Project Objectives

This project aims to enhance the sustainability and resilience of California almond production by investigating WOR methods that can maximize environmental and economic benefits of orchard turnover, and by linking growers with the information they need to assess the potential for WOR in their own orchards.

Our specific objectives are:

  • Establish on-farm whole orchard recycling (WOR) research platforms representative of almond production regions and replant problems
  • This includes:

    Characterizing baseline soil properties, nematode populations, and potential for replant disease at orchards in the Central Valley prior to orchard turnover.

    Establishing trials in two of the orchards in Fall 2016, in which tree residues will be recycled or removed using a split plot design with five to six replicates per treatment combination:

    Main treatment:
    Whole tree grinding into large (4 to 18”) pieces and incorporated using land clearing equipment
    Whole tree chipping with a tub grinder (4 to 6”) and surface spreading
    Removal of aboveground biomass (Control)
    Sub treatment:
    Fumigated and non-fumigated control subplots will be randomly established on all three main treatments
    Replant orchards with almond trees in winter 2016/2017

  • Measure short- and long- term benefits of WOR for carbon sequestration and soil physical and chemical properties important for tree nutrition and soil health.
  • This includes:

    Measuring the short-term impacts of WOR strategies on soil carbon (organic matter, labile and recalcitrant carbon pools in aggregate fractions) and soil physical properties (aggregate stability, bulk density, crusting, soil structure and micropores) at the two trial orchards

    Assessing shifts in soil chemical properties (pH, EC, nutrients) after recycling

    Determining how WOR influences the amount and timing of nitrogen release from recycled tree organic matter and nitrogen immobilization and losses

    Measuring long term carbon sequestration in macro and micro aggregates from WOR at a research site recycled 8 years ago following similar experimental design and treatments

  • Determine impacts of WOR on soil biology and tree performance and health
  • This includes:

    Determining how WOR may affect the need for preplant soil fumigation

    Characterizing shifts in soil and root microbial communities (bacteria, archaea, fungi, oomycetes; including phytopathogens) with WOR, and with or without fumigation

    Evaluating the impacts of WOR on incidence of plant-parasitic nematodes (soil and root extraction methods) and phytopathogenic fungi and oomycetes (culture-based root system assays) twice a year after replant.

    Examining how WOR affects (i) soil suppression of phytopathogenic nematodes and fungi and (ii) incidence and severity of almond replant disease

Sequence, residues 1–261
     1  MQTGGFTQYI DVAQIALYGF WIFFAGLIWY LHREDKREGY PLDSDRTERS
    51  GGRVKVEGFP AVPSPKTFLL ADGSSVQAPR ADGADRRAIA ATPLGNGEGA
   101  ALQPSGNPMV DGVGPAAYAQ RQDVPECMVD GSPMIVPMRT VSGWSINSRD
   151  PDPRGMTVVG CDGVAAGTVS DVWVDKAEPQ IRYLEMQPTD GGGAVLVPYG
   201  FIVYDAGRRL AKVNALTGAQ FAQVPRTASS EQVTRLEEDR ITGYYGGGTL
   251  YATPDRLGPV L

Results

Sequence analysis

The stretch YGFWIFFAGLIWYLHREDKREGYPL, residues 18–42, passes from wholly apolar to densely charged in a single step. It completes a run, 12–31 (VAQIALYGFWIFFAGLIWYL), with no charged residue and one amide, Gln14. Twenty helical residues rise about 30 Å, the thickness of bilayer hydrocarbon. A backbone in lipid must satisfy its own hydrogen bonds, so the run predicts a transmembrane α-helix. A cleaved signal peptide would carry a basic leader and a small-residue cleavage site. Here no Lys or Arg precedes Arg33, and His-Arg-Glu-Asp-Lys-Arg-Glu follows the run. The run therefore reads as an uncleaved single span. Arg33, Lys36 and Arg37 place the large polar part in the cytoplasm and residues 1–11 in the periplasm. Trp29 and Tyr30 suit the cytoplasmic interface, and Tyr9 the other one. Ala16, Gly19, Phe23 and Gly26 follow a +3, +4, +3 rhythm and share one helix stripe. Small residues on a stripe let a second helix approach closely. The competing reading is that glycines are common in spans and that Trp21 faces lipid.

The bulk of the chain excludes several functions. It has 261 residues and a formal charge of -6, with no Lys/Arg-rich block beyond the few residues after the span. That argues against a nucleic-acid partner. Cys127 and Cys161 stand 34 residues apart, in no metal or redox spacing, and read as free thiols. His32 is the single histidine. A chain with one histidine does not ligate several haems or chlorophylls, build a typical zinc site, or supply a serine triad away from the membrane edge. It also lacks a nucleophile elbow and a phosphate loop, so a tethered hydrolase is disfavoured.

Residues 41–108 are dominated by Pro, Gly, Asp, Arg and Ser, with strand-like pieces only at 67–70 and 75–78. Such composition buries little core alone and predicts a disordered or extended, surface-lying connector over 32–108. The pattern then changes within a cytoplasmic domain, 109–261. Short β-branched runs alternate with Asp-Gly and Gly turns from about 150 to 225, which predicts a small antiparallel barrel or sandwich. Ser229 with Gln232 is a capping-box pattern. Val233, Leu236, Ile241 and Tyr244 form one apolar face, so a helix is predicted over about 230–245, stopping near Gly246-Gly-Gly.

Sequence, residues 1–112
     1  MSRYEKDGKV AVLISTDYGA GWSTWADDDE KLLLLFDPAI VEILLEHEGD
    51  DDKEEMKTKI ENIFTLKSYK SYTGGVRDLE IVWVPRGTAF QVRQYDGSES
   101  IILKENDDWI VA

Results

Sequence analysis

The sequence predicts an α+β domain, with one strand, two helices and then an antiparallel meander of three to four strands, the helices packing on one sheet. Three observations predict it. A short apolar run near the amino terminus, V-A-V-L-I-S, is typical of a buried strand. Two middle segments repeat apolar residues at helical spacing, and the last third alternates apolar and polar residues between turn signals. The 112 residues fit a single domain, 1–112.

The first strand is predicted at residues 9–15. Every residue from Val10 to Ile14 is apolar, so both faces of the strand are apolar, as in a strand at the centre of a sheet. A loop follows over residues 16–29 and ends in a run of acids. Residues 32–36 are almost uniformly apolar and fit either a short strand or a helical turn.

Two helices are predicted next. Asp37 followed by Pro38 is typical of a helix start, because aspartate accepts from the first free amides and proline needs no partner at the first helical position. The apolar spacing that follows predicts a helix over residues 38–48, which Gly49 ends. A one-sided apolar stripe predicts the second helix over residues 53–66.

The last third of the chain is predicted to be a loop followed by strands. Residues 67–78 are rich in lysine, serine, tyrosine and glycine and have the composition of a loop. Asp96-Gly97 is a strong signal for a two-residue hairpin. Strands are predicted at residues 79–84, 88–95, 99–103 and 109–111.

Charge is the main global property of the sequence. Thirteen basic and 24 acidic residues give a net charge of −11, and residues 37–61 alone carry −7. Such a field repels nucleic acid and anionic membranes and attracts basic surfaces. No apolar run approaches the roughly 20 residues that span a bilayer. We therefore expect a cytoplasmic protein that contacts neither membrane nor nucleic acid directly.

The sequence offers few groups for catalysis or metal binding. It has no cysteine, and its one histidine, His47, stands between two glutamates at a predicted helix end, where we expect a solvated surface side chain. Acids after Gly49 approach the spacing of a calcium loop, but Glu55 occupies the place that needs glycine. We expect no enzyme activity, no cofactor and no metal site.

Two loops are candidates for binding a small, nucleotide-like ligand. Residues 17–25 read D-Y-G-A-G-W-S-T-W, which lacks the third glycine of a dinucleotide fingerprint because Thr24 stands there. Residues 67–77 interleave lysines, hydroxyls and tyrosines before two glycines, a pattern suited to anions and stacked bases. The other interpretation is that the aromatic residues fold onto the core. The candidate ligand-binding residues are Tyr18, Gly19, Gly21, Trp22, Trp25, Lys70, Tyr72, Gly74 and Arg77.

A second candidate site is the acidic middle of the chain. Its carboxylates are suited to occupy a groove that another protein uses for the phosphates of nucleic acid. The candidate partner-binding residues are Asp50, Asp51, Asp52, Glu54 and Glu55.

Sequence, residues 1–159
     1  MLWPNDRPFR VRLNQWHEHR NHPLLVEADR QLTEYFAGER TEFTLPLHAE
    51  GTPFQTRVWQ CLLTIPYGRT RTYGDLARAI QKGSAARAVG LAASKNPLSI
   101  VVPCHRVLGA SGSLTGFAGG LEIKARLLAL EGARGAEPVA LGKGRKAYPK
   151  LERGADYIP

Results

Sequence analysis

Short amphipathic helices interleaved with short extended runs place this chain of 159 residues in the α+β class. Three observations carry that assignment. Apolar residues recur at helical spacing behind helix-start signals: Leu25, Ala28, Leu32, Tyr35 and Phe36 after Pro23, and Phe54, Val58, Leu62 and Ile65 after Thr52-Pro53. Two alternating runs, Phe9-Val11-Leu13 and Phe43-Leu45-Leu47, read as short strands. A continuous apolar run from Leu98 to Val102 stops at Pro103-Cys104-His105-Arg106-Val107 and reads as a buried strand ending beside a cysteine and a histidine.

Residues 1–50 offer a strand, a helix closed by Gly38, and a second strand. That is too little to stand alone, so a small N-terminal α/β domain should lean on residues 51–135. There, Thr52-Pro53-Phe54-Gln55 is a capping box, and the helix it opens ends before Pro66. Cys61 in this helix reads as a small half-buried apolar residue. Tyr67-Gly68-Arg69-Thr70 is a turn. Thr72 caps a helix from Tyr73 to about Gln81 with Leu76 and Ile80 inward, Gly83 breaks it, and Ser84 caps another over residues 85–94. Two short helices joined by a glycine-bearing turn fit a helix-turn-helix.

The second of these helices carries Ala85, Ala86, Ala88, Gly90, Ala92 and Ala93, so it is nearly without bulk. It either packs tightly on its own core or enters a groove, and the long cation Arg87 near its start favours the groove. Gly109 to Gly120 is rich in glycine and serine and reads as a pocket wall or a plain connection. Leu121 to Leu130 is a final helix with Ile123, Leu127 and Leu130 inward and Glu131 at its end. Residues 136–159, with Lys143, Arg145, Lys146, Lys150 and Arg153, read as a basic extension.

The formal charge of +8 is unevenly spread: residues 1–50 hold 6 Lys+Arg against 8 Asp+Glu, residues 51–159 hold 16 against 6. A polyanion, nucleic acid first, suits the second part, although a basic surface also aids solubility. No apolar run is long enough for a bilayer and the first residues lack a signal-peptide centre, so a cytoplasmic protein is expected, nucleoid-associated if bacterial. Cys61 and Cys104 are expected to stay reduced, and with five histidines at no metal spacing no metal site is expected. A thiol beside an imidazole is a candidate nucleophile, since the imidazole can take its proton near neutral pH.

Measuring main and interactive effects of WOR and soil fumigation on tree growth

  • Measure impact of WOR on key plant-soil-water relationships, water use efficiency, and yield resilience to deficit irrigation.
  • This includes:

    Characterizing shifts in soil hydraulic properties at a research site recycled 8 years ago following similar experimental design and treatments

    Implementing replicated deficit irrigation scenario (50% after hull split) and a control 100% and monitor differences in soil moisture dynamics in the root zone.

    Measuring the impacts of WOR on water use efficiency and tree resilience to water shortages at the end of the season. 

  • Assess the environmental and carbon footprint of WOR methods using a Life Cycle Assessment framework
  • This includes:

    Consolidating data on (i) temporary and long term carbon storage in soil under orchard recycling scenarios, (ii) water and nutrient inputs (iii) disease incidence, and (iv) equipment use, transport, and fuel consumption of orchard end-of-life management practices from Objectives 1-4

    Using existing orchard Life Cycle Assessment models to assess the greenhouse gas balance, pollutants and resource consumption impacts of WOR under various alternative management and input-displacement scenarios

  • Extend project results to stakeholders in California and beyond
  • This includes:

    Conducting five field days for growers, crop advisors, and other extension professionals at each site to view equipment and present results on tree and soil health, nutrient cycling band input use. 

    Organizing and hosting a webinar for growers and extension on practices and benefits of WOR, based on project research results.

    Publishing the scientific results in peer-reviewed journals, and in professional scientific meetings